Overflow of Gibe III threatens thousands downstream
Excessive level of water at Ethiopia’s giant hydropower dam, Gibe III, has prompted officials at Ethiopian Electric Power (EEP) to commence a controlled release of the water as of the coming week.
The hydropower plant that entered in to its commissioning phase six months ago was unable to generate in full capacity owing to the low level of water caused partly by the EL Nino induced drought in the country. The aftereffects of the drought caused heavy rain falls in many parts of the country that consequently threatened overflow of the Gibe River on top of the dam.
Sources, however, blamed EEP and the project management for not implementing the transmission line ahead of the dam and the power plant construction. According to these sources, the transmission lines that connects the power plant with a new substation built in Sodo town of SNNPR has not been completed yet. Thus, it has been difficult to generate power at the installed capacity of the power plant. That means the water level at the dam will always increase because of the absence of water movement.
Authorities at EEP were not available to comment on the situation and on the possible social and environmental consequences of the artificial flood that could occurred by the controlled water release.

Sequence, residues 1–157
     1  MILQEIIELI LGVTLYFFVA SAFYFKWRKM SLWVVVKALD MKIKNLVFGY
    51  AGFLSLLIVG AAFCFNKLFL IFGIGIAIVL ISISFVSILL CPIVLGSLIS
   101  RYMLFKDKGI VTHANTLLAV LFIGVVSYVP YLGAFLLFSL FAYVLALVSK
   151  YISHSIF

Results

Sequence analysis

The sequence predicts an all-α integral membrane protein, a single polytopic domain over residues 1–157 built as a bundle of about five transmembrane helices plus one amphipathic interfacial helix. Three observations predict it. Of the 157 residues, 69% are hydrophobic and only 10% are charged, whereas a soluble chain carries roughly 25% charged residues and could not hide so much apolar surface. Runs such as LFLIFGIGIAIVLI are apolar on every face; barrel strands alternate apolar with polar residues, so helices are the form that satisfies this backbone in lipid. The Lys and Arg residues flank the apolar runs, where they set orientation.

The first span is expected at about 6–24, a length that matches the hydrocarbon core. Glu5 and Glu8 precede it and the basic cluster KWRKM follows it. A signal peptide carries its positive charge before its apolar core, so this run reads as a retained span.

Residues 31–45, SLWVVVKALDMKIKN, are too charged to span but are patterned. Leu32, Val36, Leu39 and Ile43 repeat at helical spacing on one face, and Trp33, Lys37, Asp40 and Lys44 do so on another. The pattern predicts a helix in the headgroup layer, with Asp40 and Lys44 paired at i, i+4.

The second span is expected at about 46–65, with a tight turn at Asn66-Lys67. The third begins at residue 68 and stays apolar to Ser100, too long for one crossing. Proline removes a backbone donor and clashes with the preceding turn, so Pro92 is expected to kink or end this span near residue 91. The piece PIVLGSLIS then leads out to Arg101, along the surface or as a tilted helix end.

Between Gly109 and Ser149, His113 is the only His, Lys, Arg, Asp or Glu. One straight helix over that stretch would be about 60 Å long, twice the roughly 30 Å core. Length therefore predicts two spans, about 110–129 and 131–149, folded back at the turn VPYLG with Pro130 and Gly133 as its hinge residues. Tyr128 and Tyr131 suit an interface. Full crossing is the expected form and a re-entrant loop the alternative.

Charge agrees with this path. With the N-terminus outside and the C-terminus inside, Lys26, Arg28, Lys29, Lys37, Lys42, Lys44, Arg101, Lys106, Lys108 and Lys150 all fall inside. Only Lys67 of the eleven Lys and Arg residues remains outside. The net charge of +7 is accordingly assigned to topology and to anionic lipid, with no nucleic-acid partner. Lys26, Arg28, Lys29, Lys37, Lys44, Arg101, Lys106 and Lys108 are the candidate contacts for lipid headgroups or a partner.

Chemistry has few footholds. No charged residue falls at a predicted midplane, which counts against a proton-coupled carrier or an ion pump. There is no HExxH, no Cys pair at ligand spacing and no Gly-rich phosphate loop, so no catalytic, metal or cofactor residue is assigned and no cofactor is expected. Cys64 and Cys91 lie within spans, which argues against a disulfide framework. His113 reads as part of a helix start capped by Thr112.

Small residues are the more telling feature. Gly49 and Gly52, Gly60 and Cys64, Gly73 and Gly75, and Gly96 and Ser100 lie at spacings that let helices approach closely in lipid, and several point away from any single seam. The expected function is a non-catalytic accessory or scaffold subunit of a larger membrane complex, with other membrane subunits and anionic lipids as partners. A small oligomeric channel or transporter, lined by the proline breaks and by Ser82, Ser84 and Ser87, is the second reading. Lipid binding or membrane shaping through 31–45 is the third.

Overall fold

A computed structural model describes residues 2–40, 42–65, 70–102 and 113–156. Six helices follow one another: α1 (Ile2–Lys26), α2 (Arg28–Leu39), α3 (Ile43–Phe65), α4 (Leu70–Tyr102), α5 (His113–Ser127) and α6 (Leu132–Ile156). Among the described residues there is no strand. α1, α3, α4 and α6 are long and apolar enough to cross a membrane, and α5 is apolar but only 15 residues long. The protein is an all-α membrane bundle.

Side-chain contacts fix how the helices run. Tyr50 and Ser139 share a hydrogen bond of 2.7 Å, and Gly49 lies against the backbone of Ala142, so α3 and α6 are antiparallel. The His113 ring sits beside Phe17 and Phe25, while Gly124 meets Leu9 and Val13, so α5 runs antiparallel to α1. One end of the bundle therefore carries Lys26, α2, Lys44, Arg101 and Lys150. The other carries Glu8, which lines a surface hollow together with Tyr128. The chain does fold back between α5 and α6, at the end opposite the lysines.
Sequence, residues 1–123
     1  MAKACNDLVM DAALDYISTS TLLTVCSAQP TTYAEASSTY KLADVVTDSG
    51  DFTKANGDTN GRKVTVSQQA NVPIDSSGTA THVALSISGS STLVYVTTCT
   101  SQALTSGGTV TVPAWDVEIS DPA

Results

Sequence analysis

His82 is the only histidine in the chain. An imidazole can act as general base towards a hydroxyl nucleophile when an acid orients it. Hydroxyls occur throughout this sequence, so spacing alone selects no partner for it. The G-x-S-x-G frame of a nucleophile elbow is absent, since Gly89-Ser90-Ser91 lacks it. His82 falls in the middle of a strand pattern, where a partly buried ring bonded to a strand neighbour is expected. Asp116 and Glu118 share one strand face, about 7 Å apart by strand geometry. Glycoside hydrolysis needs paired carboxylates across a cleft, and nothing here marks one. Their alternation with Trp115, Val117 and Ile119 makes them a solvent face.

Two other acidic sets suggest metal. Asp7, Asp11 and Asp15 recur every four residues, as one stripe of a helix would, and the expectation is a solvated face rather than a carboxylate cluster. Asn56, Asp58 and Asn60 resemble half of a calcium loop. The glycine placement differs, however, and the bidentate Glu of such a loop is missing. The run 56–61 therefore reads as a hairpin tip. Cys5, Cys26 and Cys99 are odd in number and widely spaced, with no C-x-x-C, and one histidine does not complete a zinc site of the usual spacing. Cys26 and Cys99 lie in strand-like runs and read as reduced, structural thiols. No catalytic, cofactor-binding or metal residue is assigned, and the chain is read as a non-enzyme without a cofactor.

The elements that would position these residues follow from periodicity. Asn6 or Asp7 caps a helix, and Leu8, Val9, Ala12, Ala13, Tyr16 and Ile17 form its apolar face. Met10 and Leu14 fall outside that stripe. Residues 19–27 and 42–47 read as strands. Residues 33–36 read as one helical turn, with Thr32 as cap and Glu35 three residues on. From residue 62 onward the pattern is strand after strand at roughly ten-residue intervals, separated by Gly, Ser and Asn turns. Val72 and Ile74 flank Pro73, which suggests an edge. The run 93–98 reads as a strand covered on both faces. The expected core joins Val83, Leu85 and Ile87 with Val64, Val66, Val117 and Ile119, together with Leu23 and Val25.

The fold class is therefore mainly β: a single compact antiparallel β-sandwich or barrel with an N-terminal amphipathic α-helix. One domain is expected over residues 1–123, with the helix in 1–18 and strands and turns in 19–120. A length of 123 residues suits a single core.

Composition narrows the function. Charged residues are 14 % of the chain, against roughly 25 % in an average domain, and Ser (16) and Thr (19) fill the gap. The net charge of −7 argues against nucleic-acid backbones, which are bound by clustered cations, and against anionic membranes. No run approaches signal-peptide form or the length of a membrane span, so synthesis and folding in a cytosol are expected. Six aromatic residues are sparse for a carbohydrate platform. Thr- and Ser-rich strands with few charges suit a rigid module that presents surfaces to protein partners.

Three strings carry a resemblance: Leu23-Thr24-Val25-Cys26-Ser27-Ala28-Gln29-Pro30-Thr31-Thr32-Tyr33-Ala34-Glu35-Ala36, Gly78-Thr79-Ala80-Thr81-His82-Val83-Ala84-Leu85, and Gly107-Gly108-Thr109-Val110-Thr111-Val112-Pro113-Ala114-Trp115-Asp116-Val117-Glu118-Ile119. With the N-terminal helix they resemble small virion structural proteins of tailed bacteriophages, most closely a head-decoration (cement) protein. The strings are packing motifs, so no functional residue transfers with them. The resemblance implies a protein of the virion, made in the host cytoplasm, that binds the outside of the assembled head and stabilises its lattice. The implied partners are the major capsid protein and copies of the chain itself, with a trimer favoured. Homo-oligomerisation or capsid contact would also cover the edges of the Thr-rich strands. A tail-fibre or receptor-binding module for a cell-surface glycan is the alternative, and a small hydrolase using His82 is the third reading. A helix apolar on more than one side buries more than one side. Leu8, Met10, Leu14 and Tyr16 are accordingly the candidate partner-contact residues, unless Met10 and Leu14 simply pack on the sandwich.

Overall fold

However, National Disaster Risk Management Commission (NDRMC) has notified its humanitarian partners to prepare to respond to possible disaster to communities residing downstream the controlled release of water from Gibe III dam, according to the OCHA’s weekly bulletin released on September 26.
The water from the Gibe III dam will be released for a week or two starting from September 29, according to the NDRMC alert dispatched to its humanitarian partners.
The flooding will likely affect infrastructure and livelihood of people in Dasenech, Gnangatom, Hamer, and Selamago woredas of the Southern Nations Nationalities and People Regional State (SNNPR) where the dam is built.
The population within these four weredas of the lower Omo is estimated to be about 400,000, according to researches.
NDRMC is prepared to respond to the emergency and provide food, shelter, livestock feed, cooking utensils and plastic sheets based on the request from the regional disaster preparedness and prevention bureaus. The NDRMC has called for partners to support government’s endeavors to help low laying communities at-risk of being displaced due to the flooding.
The dam has a capacity of storing 11.8 billion cubic meters of water which will enable the power plant generate 1870 MW of eclectic power.
Apart from power generation, Gibe III dam is also planned to regulate water flows to end annual flooding in the southwestern South Omo region and provide a year round water supply for downstream irrigation projects.